Although the notions of “alpha wolf” and “alpha dog” seem thoroughly ingrained in our language, the idea of the alpha comes from Rudolph Schenkel, an animal behaviorist who, in 1947, published the then-groundbreaking paper “Expressions Studies on Wolves.” During the 1930s and 1940s, Schenkel studied captive wolves in Switzerland’s Zoo Basel, attempting to identify a “sociology of the wolf.”

In his research, Schenkel identified two primary wolves in a pack: a male “lead wolf” and a female “bitch.” He described them as “first in the pack group.” He also noted “violent rivalries” between individual members of the packs… Thus, the alpha wolf was born. Throughout his paper, Schenkel also draws frequent parallels between wolves and domestic dogs, often following his conclusions with anecdotes about our household canines. The implication is clear: wolves live in packs in which individual members vie for dominance and dogs, their domestic brethren, must be very similar indeed.

A key problem with Schenkel’s wolf studies is that, while they represented the first close study of wolves, they didn’t involve any study of wolves in the wild… In more recent years, animal behaviorists, including [wildlife biologist L. David] Mech, have spent more and more time studying wolves in the wild, and the behaviors they have observed has been different from those observed by Schenkel and other watchers of zoo-bound wolves. In 1999, Mech’s paper “Alpha Status, Dominance, and Division of Labor in Wolf Packs” was published in the Canadian Journal of Zoology. The paper is considered by many to be a turning point in understanding the structure of wolf packs…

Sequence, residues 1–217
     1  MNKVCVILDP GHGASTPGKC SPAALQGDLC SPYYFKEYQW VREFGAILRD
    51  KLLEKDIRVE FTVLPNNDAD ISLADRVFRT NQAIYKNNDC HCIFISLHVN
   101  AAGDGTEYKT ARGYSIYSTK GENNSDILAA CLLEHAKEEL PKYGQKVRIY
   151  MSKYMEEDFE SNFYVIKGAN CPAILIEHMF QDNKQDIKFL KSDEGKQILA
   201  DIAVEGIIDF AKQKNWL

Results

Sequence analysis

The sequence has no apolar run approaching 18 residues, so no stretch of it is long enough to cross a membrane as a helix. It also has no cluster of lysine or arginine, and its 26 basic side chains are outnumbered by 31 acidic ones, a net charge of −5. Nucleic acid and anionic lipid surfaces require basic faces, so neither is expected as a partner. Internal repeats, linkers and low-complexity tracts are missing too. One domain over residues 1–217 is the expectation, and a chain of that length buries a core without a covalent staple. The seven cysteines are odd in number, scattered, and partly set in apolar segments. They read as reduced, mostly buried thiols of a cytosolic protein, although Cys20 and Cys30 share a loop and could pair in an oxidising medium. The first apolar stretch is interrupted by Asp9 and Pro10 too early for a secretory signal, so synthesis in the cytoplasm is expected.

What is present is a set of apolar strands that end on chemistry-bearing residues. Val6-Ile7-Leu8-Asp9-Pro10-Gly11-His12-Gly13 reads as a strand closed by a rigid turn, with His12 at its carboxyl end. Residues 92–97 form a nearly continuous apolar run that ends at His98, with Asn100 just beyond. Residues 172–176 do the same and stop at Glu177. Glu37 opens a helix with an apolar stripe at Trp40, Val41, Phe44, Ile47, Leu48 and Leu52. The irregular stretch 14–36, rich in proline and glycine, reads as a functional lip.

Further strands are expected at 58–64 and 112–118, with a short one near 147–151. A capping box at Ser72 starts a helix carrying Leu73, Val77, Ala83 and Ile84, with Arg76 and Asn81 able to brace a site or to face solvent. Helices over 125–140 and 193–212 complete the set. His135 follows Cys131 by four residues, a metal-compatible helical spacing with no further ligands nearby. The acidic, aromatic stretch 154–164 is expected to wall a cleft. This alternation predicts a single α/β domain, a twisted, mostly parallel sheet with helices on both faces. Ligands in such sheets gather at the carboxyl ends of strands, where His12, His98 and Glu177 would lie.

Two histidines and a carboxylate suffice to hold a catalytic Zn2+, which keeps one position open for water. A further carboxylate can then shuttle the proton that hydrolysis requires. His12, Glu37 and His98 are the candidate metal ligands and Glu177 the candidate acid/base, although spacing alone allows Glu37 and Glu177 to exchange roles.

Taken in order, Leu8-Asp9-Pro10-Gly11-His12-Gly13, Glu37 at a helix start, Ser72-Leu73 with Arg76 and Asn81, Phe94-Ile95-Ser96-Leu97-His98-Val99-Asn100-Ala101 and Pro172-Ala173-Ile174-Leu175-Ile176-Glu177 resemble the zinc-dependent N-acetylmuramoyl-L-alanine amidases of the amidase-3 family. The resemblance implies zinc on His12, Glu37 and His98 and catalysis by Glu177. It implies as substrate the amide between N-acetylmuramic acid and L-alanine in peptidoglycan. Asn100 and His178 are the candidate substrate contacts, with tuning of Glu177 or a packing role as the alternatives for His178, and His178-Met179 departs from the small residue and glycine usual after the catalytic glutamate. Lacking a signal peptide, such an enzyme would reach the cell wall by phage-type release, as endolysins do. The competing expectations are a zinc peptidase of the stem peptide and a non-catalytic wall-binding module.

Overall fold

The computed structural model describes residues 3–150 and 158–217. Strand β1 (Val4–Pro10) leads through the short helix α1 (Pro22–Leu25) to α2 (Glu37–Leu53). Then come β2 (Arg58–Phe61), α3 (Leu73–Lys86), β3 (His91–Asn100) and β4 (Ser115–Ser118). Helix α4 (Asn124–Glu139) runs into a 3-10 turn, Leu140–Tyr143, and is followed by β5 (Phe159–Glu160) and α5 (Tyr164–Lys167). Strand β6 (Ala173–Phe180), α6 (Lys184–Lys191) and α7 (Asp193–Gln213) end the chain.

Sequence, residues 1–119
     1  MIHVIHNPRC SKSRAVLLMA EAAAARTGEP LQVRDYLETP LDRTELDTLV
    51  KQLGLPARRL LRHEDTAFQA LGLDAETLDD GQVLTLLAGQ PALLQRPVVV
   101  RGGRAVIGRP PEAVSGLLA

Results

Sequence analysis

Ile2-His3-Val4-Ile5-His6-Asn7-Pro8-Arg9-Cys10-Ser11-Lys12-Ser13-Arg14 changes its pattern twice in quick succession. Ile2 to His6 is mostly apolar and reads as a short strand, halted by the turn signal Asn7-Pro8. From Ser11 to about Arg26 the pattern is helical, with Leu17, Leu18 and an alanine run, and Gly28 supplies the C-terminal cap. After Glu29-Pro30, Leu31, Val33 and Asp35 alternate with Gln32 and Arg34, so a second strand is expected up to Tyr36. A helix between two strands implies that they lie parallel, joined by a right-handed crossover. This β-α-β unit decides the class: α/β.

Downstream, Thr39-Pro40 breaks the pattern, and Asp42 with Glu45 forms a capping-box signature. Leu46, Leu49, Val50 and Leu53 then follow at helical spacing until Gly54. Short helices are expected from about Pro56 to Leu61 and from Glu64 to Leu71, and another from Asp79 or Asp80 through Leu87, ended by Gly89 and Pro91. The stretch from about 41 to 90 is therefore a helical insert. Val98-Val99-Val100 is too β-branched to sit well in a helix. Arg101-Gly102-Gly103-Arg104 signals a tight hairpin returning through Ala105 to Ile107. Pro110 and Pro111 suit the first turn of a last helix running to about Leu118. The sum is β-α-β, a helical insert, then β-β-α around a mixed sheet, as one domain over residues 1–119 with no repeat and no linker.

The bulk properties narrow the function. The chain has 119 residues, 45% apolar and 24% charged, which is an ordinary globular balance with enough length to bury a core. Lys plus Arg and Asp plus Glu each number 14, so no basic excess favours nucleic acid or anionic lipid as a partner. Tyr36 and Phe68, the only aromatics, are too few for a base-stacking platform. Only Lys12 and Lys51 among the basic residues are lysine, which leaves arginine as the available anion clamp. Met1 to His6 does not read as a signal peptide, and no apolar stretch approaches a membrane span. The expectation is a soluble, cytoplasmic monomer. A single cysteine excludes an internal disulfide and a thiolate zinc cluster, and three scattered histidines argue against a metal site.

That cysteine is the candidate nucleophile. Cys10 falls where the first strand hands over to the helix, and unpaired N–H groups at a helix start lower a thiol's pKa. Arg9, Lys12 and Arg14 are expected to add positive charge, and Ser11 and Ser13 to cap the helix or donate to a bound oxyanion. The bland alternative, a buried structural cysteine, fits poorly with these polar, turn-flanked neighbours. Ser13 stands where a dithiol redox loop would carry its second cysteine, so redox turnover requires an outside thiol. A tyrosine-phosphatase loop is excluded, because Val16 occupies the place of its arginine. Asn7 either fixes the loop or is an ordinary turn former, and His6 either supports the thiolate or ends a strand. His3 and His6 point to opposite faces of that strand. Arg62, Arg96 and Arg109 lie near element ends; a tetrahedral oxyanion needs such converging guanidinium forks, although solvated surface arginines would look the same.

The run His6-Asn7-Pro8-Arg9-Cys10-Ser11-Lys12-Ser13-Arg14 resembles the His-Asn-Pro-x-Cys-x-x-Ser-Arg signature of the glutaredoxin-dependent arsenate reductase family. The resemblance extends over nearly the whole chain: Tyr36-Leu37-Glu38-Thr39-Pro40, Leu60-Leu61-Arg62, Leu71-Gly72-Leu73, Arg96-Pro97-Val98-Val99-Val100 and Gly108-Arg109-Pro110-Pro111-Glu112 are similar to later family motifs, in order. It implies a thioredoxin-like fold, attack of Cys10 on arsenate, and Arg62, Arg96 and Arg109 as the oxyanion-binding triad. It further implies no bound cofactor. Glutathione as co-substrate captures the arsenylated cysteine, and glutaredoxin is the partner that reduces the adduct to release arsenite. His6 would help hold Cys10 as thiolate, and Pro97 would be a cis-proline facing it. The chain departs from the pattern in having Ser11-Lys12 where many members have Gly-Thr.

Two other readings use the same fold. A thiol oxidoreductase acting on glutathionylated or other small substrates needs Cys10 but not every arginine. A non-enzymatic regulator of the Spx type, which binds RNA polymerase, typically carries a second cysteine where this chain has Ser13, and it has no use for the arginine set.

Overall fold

Mech’s studies of wild wolves have found that wolves live in families: two parents along with their younger cubs. Wolves do not have an innate sense of rank; they are not born leaders or born followers. The “alphas” are simply what we would call in any other social group “parents.” The offspring follow the parents as naturally as they would in any other species. No one has “won” a role as leader of the pack; the parents may assert dominance over the offspring by virtue of being the parents. While the captive wolf studies saw unrelated adults living together in captivity, related, rather than unrelated, wolves travel together in the wild. Younger wolves do not overthrow the “alpha” to become the leader of the pack; as wolf pups grow older, they are dispersed from their parents’ packs, pair off with other dispersed wolves, have pups, and thus form packs of their owns.

This doesn’t mean that wolves don’t display social dominance, however… Wolves (and other animals, including humans), display social dominance, it just isn’t always easy to boil dominant behavior down to simple explanations. Dominant behavior and dominance relationships can be highly situational, and can vary greatly from individual to individual even within the same species. It’s not the entire concept of wolves displaying social dominance that was dispelled, just the simple hierarchical pack structure…


Images credit: Caninest - Michael Cummings